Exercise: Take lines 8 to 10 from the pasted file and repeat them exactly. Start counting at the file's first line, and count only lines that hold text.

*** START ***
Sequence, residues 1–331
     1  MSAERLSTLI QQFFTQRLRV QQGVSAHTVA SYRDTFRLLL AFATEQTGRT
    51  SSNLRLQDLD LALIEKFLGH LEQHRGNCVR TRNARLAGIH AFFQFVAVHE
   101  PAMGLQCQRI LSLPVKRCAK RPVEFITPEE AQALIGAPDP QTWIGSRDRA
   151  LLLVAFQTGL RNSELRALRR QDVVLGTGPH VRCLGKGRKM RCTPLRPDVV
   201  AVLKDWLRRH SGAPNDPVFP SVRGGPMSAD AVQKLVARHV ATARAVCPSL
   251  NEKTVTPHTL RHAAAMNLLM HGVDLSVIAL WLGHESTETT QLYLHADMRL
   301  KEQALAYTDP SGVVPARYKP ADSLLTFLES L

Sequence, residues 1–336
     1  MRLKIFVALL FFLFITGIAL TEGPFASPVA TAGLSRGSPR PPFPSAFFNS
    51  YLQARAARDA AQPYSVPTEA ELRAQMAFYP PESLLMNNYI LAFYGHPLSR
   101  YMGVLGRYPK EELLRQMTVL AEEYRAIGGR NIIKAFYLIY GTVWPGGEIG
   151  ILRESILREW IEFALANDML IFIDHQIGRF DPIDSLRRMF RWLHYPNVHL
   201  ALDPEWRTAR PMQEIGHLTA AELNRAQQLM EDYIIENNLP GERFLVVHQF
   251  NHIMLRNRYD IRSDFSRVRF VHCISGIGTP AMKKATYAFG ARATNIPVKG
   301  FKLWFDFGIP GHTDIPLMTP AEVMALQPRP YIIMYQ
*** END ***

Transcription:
   301  KEQALAYTDP SGVVPARYKP ADSLLTFLES L

Sequence, residues 1–336
     1  MRLKIFVALL FFLFITGIAL TEGPFASPVA TAGLSRGSPR PPFPSAFFNS